Hillary Clinton’s presidential campaign said Thursday that it would expand its eight-state television advertising effort to include what at first blush might seem an unlikely location: heavily Republican Nebraska.

The presumptive Democratic presidential nominee is planning to go up in the state’s 2nd Congressional District, which is centered on the city of Omaha.

Nebraska is one of only two states that awards part of its electoral votes based on congressional district. The other is Maine. In Nebraska’s case, two of the state’s five electoral votes go to the statewide winner. The other three are distributed on the basis of performance in its three congressional districts.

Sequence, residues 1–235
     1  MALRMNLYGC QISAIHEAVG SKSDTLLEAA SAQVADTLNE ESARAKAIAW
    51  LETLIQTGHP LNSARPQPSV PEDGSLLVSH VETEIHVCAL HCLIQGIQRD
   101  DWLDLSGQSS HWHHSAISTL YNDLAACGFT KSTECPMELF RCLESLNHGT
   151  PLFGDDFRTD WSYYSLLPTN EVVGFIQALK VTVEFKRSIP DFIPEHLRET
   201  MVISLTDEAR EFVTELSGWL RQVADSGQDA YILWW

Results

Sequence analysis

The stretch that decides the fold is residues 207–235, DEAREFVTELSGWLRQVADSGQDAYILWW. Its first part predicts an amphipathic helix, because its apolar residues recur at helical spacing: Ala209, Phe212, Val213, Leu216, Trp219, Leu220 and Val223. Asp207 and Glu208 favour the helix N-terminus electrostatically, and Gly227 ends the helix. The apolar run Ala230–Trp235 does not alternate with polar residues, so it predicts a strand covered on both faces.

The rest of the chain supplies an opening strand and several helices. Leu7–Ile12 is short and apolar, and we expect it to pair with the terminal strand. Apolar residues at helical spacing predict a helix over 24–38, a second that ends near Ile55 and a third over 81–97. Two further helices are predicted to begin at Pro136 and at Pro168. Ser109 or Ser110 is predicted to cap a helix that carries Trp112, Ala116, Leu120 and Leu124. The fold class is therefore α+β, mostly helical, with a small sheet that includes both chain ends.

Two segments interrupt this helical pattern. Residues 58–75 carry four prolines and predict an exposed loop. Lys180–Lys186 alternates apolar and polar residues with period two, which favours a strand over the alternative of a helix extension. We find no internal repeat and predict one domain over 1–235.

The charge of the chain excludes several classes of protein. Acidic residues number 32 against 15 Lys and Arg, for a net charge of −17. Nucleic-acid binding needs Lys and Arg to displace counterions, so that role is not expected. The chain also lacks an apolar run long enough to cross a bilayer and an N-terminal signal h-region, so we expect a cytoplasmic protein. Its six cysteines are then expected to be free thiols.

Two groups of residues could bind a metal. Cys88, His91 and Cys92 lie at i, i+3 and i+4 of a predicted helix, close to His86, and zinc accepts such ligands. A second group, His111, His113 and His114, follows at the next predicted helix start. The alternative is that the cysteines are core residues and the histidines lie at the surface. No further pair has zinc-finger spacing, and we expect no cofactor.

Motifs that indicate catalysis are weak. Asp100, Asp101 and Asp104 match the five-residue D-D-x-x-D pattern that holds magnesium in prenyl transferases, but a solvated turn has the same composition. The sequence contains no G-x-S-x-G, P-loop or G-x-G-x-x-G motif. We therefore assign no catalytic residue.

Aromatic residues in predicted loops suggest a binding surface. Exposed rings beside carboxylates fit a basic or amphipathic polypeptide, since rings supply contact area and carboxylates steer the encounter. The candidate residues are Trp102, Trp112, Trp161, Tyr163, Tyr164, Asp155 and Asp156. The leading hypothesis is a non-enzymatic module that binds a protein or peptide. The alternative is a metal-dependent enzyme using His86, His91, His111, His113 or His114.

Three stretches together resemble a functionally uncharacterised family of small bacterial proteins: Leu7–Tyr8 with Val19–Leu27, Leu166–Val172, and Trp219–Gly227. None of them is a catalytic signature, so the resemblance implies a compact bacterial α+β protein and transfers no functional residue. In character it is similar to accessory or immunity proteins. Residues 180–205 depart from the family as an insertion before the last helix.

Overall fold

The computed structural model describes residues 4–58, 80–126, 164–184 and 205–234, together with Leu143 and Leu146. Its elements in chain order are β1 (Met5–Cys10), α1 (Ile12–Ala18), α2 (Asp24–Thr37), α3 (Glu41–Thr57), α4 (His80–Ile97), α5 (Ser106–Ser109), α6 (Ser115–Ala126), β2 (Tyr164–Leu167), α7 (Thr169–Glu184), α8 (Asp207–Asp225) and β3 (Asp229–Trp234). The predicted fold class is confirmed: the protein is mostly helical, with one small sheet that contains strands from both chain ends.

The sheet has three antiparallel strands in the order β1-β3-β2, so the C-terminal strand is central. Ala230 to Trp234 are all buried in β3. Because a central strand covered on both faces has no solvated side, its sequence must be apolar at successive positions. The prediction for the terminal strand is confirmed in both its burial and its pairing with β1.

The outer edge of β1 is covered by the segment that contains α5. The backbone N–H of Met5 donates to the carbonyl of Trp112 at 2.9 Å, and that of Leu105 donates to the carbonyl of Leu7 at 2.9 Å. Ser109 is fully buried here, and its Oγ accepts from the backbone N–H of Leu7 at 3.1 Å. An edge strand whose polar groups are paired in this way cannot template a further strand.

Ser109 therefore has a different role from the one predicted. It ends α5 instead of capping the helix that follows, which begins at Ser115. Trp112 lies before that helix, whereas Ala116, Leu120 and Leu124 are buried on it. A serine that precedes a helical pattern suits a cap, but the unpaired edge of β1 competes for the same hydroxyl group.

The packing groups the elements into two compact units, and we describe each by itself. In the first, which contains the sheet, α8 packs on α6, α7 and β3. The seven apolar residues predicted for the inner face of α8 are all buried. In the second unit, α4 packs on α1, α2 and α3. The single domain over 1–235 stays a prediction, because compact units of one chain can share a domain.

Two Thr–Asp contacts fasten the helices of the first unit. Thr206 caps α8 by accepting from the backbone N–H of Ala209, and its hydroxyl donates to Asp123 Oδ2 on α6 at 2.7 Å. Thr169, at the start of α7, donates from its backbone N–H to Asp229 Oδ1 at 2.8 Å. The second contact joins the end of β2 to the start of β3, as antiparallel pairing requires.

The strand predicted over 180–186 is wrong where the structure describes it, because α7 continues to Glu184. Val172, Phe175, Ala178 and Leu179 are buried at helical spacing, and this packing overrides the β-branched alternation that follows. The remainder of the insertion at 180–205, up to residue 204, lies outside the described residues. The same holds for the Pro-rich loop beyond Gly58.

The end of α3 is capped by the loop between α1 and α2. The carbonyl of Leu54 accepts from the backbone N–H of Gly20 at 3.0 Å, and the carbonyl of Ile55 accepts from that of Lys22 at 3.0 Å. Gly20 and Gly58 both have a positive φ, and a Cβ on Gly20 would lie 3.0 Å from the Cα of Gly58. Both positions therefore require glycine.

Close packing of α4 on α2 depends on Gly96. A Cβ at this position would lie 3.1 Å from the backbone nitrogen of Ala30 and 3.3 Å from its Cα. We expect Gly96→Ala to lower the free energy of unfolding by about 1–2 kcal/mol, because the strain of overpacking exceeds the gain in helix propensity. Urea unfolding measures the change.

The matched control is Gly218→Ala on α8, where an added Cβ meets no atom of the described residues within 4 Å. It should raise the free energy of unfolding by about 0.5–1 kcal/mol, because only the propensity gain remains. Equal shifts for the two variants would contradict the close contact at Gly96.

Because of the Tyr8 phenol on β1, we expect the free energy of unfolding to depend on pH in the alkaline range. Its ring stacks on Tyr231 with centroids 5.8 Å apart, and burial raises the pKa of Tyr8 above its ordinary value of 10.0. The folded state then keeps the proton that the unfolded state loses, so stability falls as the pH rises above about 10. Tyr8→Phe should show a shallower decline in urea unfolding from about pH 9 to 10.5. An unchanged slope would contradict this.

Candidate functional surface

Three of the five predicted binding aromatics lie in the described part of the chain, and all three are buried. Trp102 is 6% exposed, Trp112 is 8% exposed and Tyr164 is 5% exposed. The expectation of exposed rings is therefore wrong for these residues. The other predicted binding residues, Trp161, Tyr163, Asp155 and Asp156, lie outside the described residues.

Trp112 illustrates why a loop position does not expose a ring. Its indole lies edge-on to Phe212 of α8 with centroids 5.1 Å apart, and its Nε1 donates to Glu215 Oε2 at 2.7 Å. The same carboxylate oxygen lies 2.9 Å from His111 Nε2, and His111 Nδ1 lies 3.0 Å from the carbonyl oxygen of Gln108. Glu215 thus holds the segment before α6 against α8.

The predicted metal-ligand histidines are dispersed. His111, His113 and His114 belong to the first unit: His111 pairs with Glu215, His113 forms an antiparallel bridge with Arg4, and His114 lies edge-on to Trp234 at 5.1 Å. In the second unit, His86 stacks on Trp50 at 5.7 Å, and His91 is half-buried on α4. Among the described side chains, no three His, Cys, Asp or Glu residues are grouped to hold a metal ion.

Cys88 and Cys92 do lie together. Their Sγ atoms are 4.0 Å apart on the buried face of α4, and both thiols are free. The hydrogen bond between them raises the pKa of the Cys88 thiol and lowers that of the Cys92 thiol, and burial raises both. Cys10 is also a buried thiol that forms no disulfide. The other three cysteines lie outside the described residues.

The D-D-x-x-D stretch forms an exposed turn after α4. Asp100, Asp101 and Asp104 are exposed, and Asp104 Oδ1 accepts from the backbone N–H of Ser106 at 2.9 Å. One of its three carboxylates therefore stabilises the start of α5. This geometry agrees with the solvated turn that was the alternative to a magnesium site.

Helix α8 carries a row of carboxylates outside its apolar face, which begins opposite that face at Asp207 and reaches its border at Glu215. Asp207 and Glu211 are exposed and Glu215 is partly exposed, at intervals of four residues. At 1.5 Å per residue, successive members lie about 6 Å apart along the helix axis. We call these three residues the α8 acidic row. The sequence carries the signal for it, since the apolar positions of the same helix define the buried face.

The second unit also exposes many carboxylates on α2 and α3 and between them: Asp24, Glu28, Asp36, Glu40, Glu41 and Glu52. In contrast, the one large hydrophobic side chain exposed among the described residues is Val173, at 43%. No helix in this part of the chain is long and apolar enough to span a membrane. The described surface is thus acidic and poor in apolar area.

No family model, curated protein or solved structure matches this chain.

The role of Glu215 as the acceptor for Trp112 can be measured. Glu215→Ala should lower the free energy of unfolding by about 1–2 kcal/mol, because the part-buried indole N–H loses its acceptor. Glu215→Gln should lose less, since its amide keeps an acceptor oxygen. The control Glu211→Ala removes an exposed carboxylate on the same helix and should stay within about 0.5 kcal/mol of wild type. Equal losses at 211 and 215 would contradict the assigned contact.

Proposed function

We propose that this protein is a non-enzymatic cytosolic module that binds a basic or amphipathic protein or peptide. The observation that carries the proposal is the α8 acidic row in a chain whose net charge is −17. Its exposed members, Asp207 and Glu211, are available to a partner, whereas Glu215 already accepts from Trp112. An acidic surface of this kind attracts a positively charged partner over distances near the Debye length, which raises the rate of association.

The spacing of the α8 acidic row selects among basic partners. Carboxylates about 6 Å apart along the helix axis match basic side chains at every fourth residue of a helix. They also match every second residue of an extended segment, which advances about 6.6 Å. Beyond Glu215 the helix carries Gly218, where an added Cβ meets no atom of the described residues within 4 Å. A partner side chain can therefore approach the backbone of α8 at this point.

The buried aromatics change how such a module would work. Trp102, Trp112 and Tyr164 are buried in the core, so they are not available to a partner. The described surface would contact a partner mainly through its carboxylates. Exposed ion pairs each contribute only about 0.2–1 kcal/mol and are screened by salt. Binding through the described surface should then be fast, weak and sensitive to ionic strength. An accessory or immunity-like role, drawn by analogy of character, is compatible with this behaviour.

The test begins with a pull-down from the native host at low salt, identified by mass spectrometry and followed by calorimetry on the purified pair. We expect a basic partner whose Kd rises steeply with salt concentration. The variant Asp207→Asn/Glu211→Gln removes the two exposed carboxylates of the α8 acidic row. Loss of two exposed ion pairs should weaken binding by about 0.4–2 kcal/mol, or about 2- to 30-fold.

In 2008, then-Sen. Barack Obama successfully executed the same strategy, edging out Republican nominee John McCain in the 2nd District and picking up a single electoral vote. Four years later, GOP nominee Mitt Romney swept the entire state.

Clinton’s campaign said the ads it will air in Nebraska highlight her work helping children and her efforts to expand health care.

The campaign has previously started airing ads in battleground states including Florida, Virginia, North Carolina, Iowa, New Hampshire, Ohio and Colorado.

Presumptive Republican nominee Donald Trump has not started a concerted TV ad campaign in any battleground states.